Q&A: Rick Levin

The $3.5 billion deadline

An interview with Yale president Richard Levin ’74PhD

Mark Ostow

Mark Ostow

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Y: Yale is in the last stage of its current capital campaign. You have a year to raise the last $500 million. Are you going to make it?

L: I’m very confident. We will close this fiscal year in excess of our original campaign goal of $3 billion. Right before the market fell apart, in the spring of 2008, we raised the goal from $3 billion to $3.5 billion. So we have made the original goal with a year to go. The question is: can we pick up the pace this year sufficiently to hit the new goal? During the last two years, since the crash, we’ve been raising $300 to $400 million per year. But earlier in the campaign, we raised $500 to $600 million per year. It will take work to raise $500 million in this environment. But Yale alumni are responsive and enthusiastic, and I’m sure there will be many people out there who want to play a part in helping us to reach our goal.

Y: Of course, it’s standard in a capital campaign that you raise the bulk of the money in the early years. As we discussed in a previous interview, 10 percent of the donors give 90 percent of the money, and they’re approached first.

L: The pattern of these campaigns is that they run seven years. Two years are a silent phase before the launch, and then there are five years of the formal campaign. Typically, we get a great start in the silent phase. And typically, we pick up in the last year —because it will have been five years since many of our most generous donors made their campaign commitment. The great majority of them will have completely paid off their original commitment, and some will entertain a second gift. So, one of our hopes is that some of the people who were there in the beginning will help us make the goal at the end.

Y: How is the rate of alumni giving to Yale overall? According to the U.S. News and World Report statistics, it dropped a little recently, from 43 percent to 41 percent.

L: The initial impact of the recession did reduce participation modestly. Annual giving dollars—for current use—declined as well. But this year there was a lot of effort made on the annual fund solicitations. By mid-June we were $2 million ahead of last year, and on track to return to the level of two years ago.

Y: I got an e-mail solicitation from you for the alumni fund in late May. Is that usual?

L: Normally I don’t send out a solicitation late in the year. But this year, with the recession and the budget reductions we had to undertake, we thought that it would be a good time for an update message. So we sent this out the day of commencement, as a year-end reminder for people to think about.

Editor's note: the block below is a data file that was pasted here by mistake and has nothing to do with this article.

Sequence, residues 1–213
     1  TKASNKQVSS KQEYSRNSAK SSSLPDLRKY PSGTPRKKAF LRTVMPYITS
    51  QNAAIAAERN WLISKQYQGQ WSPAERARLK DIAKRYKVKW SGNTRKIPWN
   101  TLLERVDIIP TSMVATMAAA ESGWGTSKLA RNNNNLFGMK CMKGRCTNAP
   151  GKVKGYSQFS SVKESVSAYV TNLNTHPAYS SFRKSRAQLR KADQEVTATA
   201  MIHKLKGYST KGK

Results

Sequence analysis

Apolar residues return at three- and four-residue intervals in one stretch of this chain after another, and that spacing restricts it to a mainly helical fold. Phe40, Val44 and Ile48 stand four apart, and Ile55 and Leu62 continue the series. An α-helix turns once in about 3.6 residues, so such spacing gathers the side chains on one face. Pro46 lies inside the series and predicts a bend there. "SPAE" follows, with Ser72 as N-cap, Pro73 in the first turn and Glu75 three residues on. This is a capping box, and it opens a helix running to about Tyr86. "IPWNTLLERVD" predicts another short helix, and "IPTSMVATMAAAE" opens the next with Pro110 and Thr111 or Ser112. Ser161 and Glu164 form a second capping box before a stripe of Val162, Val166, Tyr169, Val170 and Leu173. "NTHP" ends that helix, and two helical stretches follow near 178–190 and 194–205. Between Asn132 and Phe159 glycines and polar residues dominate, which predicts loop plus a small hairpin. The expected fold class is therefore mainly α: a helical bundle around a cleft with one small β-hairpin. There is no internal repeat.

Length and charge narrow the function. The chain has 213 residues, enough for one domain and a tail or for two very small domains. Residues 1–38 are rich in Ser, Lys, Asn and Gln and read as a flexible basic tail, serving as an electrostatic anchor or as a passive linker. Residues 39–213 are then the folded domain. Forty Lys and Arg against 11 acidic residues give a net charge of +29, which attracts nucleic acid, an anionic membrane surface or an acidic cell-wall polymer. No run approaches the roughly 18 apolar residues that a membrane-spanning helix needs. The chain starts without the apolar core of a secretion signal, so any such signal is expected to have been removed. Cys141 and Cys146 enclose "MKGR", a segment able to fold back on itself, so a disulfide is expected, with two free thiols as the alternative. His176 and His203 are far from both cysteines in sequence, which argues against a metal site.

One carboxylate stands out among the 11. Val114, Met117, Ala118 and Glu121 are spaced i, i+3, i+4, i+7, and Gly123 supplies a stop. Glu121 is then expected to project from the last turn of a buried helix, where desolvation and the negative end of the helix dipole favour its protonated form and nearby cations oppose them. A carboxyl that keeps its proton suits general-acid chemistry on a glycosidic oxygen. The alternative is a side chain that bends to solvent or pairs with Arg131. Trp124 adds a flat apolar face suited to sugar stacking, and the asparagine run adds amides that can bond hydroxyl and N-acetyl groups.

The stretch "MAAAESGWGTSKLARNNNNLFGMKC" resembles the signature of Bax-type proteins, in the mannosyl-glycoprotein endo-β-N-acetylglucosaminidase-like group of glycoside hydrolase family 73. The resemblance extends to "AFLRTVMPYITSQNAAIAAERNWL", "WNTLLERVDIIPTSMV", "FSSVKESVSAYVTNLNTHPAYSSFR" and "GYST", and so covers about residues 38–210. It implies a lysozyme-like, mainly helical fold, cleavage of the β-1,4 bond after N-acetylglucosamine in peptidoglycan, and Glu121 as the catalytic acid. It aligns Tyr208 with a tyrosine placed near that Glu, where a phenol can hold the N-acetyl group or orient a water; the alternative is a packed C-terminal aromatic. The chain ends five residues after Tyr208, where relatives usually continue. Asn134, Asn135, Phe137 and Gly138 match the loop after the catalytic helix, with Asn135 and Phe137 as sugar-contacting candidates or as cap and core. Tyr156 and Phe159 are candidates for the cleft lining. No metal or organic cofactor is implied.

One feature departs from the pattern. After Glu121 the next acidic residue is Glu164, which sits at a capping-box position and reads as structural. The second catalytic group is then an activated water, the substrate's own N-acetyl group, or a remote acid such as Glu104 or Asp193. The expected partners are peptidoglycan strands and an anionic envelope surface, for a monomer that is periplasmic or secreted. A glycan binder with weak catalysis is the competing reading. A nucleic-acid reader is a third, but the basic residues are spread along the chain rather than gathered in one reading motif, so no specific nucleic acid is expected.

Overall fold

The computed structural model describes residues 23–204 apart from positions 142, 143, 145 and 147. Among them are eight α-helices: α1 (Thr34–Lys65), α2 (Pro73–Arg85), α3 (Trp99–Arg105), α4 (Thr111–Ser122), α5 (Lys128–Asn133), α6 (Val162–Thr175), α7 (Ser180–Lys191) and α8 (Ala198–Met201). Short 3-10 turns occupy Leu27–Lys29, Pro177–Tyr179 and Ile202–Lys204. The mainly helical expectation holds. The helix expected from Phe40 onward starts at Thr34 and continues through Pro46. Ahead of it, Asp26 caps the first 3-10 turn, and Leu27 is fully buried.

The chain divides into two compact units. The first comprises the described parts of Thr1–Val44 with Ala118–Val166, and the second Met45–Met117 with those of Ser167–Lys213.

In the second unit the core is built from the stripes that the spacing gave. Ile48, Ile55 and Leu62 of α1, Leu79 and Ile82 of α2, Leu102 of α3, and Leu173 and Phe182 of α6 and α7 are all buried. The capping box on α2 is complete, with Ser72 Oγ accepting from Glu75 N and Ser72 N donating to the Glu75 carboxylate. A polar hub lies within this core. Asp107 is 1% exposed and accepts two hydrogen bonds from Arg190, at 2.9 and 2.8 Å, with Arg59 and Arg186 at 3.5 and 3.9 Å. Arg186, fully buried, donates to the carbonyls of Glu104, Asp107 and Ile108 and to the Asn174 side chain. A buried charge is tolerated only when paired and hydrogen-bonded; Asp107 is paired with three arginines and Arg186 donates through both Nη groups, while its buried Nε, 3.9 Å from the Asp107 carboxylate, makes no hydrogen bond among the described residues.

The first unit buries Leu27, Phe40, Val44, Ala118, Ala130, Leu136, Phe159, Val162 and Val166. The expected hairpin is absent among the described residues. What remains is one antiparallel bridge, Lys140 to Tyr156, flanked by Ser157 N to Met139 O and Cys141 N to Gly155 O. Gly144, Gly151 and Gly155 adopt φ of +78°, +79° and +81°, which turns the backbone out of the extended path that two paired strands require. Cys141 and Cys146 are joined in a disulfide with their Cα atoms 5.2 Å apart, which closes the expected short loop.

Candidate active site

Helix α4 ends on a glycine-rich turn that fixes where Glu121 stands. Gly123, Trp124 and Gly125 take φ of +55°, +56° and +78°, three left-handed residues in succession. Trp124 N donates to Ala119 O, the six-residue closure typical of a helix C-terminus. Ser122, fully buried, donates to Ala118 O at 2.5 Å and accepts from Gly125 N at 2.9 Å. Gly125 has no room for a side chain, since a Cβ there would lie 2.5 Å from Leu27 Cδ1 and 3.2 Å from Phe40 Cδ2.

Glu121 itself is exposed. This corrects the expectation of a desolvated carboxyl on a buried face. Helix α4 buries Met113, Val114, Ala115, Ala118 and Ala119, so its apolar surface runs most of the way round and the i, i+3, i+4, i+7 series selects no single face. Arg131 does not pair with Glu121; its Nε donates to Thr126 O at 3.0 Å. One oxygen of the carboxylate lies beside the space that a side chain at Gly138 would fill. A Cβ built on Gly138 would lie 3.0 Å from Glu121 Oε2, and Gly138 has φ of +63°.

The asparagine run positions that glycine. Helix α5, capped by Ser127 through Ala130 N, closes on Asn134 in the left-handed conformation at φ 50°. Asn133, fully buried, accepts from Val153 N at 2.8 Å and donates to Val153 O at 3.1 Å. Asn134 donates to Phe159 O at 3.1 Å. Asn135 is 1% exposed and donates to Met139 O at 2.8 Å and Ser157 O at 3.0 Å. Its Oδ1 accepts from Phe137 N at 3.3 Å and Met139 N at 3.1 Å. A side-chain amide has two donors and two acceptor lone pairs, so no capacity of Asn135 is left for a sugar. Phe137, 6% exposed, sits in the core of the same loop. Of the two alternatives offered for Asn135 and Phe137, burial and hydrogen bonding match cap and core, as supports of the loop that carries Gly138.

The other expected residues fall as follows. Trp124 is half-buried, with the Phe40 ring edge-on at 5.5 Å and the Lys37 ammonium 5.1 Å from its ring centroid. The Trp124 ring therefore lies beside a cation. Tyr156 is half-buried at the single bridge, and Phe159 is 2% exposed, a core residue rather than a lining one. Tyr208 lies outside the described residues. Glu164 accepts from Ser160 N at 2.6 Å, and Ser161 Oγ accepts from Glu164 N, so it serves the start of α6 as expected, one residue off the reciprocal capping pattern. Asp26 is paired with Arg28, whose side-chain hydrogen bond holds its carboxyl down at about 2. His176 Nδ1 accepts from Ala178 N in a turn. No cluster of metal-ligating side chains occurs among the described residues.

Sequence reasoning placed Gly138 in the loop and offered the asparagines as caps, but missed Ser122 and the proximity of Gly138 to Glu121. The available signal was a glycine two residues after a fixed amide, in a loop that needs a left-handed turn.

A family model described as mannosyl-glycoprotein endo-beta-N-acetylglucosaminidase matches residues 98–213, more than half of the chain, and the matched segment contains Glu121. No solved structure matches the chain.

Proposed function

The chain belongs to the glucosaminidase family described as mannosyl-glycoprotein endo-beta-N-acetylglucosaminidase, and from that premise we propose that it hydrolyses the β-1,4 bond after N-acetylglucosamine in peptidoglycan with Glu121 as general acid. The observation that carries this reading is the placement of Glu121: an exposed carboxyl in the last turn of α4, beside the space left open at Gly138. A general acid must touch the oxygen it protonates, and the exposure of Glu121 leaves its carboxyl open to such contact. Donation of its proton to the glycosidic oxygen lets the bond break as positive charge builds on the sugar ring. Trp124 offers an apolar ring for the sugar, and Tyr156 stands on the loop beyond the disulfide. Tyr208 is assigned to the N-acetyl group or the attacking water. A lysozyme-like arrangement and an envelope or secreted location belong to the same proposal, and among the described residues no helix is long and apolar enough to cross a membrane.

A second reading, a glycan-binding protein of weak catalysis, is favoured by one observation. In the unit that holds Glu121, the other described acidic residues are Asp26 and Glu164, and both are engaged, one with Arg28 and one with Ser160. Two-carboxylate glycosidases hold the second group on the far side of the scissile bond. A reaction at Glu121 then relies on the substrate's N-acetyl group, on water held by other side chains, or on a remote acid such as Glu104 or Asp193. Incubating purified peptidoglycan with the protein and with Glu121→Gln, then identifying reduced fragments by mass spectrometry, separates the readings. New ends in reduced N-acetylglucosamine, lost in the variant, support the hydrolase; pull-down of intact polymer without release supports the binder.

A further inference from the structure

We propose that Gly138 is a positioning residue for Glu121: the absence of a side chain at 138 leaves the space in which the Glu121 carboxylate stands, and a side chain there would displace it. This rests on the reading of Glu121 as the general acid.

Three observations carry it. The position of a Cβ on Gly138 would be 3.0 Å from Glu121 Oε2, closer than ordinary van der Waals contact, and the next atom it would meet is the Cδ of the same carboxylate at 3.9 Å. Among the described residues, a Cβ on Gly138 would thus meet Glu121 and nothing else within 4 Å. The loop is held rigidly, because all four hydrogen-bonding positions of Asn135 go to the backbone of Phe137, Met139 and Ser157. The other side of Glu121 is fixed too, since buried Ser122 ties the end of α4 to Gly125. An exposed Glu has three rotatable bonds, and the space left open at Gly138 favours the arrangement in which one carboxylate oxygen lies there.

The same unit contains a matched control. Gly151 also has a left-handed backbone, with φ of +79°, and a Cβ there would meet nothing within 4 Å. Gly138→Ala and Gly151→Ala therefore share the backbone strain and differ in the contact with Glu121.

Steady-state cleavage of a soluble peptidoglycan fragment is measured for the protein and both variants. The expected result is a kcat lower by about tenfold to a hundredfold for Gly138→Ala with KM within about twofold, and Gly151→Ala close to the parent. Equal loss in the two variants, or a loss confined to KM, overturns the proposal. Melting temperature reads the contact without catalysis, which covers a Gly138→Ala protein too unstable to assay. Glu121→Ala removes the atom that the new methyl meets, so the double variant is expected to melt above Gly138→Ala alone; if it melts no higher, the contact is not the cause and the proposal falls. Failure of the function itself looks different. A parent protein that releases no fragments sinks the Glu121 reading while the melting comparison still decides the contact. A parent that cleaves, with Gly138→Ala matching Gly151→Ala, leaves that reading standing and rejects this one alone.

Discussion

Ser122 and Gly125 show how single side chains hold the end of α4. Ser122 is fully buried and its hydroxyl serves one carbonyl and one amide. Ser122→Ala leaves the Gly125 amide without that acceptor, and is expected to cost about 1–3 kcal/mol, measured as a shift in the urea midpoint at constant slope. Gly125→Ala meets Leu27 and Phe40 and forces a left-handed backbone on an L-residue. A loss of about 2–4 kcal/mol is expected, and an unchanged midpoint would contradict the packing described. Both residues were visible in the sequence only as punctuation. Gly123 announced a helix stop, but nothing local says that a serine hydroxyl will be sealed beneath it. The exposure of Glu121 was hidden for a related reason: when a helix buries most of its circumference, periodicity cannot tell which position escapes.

Y: And what about the 10 percent who give the most money? Have you seen a drop there?

L: Yes, the last two years we’ve seen a significant drop-off in major capital gifts. But our loyal donors almost never say no. They just say, “Not now.” One encouraging sign is that our cash giving this year has been up. During the first year of the recession many people postponed their pledge payments. This year people are catching up. And so I think that, as the economy recovers and as we approach the close of the campaign, we’ll see some of the people who have held off for the last two years step up and make additional contributions.

Y: And how’s the endowment performing?

L: Much better than last year. It will be positive on the year, and ahead of where we forecast for budgetary purposes. Because we’re so heavily invested in private equity and real assets, and because those categories are not up as dramatically as public securities markets, we will not experience increases at the rate of, say, the S&P 500 over this fiscal year. So we’ll do less well than some schools that have a traditional stock/bond portfolio. But we’re very well positioned for the future. Even at the very bottom of the recession, our performance for the last 10 or 20 years was still far better than any of our peers’ and certainly far, far better than traditional stock/bond portfolios.

Y: Isn’t it going to hurt, just a little bit, when you put out those numbers and the media reaction is “Yale underperforms the S&P 500”?

L: It’s inevitable with the type of strategy we’re following. It’s going to happen once in a while. We will continue to do better over longer periods; it would be foolish to focus on one-year returns.

Y: What if Yale doesn’t make the goal on June 30, 2011? Will the campaign be extended?

L: We’re going to make it. The staff and campaign committee are working really hard, and I’m giving more time in order to make sure this happens. It will require effort, but I believe we can make the goal on time.

Y: Once the capital campaign is over …

L: We keep right on raising money. Contributions are the lifeblood of this institution and if we’re going to continue to innovate, develop new programs, and take on the challenges of the years ahead, we need to continue to raise funds. 

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